Scientists at Turkey's Koc University have found a new solution to making driving safer on America's roads this winter.
This solution comes in the form of an asphalt mixture that is embedded in salt, which gives roads the ability to de-ice themselves and keep ice from gathering at all, according to Digital Trends.
Roads in the U.S. are covered by some 20 million tons of salt each winter, and the sodium chloride helps keep accidents from happening by melting ice or preventing its formation, the Scientific American noted.
However, road salt comes with trade-offs, as Seda Kizilel, a chemical engineer at Koc University, says it is "mainly corrosive," which affects "vehicles and also nature, plants, microorganisms."
The new compound is aimed at helping people avoid continuously applying ice removal products, as current ones don't stick around for long if they don't work when first applied to roads, mostly due to factors like melting snow and passing cars washing them away. The new road material solves this problem by releasing a de-icing compound in increments. The research team embedded asphalt throughout with de-icer so that each exposed level reveals a new layer of the salt solution, even when the roads experience heavy traffic over time.
Regular road salt is also known to cause damage to the concrete underneath the ice, and the chemicals in more industrial de-icing solutions are dangerous for the environment, Digital Trends reported. To avoid these issues, the team used a compound called salt potassium formate, which has gained approval as an environmentally friendly alternative, and embedded it in a standard asphalt component called bitumen. They also added styrene-butadiene-styrene to keep ice from forming on the surface.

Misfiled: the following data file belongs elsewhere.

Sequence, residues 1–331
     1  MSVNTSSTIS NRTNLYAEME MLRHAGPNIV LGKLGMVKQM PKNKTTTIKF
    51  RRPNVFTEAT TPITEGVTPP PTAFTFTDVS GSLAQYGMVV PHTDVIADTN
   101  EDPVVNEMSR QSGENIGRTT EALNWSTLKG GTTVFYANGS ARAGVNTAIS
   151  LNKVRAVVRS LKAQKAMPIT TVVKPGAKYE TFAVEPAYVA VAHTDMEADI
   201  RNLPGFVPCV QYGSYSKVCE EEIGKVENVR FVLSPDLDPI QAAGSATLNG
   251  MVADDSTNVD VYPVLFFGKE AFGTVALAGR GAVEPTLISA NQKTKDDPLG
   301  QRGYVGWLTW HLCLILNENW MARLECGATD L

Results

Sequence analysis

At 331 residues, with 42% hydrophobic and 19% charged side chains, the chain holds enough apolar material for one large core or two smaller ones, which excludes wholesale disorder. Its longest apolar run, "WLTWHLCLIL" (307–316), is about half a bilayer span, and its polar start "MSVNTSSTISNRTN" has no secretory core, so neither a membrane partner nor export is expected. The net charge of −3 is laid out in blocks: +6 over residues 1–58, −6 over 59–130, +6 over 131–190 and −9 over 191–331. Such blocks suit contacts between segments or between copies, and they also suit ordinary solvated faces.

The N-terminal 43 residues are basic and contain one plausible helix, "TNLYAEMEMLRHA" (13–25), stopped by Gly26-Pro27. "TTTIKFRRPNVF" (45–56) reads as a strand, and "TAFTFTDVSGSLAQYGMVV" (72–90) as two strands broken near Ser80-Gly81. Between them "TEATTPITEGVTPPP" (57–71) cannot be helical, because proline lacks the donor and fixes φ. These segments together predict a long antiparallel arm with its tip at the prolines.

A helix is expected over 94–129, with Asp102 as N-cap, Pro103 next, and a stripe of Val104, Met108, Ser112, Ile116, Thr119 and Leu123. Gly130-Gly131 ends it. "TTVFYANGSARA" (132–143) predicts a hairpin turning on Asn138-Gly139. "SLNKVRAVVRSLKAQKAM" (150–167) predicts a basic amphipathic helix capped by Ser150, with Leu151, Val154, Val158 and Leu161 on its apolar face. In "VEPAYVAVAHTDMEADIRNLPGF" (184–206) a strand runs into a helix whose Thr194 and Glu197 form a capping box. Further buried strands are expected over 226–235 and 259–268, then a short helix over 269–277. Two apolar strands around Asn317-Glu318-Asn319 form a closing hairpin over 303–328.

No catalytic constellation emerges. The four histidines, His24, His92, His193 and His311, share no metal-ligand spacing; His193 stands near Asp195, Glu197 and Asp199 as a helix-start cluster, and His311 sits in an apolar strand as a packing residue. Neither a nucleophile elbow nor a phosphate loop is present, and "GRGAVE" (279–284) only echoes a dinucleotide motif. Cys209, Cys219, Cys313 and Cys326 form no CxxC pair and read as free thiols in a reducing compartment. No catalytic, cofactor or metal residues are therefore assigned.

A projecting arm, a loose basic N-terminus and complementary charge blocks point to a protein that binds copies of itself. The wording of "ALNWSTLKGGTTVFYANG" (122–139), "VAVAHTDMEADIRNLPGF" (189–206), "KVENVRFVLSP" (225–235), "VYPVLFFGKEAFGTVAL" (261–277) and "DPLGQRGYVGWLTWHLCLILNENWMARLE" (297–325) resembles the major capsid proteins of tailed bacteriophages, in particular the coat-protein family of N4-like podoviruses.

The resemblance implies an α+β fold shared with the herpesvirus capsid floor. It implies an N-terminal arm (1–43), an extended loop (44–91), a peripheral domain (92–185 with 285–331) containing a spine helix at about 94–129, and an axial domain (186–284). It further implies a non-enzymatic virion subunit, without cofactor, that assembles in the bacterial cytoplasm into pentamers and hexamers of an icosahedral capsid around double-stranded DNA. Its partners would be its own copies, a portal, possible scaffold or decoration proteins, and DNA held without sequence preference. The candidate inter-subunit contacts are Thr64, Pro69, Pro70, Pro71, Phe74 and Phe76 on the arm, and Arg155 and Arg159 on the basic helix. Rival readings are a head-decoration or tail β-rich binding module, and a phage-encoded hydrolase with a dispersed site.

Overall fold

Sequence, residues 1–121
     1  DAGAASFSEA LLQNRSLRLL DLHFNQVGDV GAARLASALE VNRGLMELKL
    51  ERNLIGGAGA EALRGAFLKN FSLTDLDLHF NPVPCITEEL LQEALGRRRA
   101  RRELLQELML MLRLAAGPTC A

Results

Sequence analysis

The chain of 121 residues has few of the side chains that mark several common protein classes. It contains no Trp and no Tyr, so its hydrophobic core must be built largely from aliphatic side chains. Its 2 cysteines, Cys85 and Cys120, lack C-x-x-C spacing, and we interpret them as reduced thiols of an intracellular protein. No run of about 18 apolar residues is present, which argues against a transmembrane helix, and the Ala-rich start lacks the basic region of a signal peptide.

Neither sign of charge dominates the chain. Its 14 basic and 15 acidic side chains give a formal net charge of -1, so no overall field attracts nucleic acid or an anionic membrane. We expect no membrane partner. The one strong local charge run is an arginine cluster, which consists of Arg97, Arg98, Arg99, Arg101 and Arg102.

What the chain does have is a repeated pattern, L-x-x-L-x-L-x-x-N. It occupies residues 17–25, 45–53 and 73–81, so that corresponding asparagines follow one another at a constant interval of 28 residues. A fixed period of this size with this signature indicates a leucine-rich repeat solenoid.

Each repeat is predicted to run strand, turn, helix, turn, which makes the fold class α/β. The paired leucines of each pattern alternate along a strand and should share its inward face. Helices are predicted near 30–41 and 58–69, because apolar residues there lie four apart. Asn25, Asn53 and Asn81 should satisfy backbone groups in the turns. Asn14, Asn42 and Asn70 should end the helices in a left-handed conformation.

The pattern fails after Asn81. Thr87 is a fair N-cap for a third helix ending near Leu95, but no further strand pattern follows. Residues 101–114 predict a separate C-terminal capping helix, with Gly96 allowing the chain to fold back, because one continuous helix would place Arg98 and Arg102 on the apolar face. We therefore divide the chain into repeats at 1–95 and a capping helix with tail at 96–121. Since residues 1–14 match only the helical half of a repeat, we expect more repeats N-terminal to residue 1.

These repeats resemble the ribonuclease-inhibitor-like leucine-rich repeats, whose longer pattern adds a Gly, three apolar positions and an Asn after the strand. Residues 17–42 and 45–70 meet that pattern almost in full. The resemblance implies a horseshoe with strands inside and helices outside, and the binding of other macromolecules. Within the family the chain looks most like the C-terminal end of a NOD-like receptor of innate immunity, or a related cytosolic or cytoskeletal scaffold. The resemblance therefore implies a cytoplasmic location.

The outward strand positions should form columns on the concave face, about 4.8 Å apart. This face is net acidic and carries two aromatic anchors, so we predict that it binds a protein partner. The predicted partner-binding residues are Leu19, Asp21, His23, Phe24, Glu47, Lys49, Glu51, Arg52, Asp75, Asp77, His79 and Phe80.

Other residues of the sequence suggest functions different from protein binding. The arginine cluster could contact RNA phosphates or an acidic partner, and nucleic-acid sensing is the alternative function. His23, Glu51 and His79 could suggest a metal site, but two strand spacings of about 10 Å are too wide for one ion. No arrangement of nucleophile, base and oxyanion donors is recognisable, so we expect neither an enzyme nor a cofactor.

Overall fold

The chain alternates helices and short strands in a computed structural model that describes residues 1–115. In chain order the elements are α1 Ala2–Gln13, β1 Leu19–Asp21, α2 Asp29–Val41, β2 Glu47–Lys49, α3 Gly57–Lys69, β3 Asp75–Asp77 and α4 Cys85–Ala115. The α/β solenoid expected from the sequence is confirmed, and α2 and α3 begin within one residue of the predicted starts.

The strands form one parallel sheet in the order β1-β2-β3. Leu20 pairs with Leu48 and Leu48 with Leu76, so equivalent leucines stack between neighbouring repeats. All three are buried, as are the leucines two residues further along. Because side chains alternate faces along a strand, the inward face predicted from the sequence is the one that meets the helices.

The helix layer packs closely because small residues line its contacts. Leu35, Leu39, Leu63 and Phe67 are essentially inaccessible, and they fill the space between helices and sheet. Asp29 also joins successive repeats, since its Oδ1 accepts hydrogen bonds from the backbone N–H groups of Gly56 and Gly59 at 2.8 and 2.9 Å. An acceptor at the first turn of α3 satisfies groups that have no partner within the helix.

The only potential negative of this new solution is that cars traveling on ice-proof roads with this material may experience some wear and tear on their tires.
However, the compound proved to be able to delay ice formation 10 minutes longer than alternatives in lab trials, according to the Scientific American.
Kizilel noted that salt truck drivers don't have to worry about going out of business due to this solution. "But we're saying that, during the first 10 to 15 minutes, when the road becomes very icy, this material and this release of salt from this function bitumen is going to be very useful and potentially eliminate many accidents on the road," she said.
The team plans on driving on a test surface with the compound, and they believe that car traffic peeling away new layers of the material over time will allow it to work for years when applied to real public roads.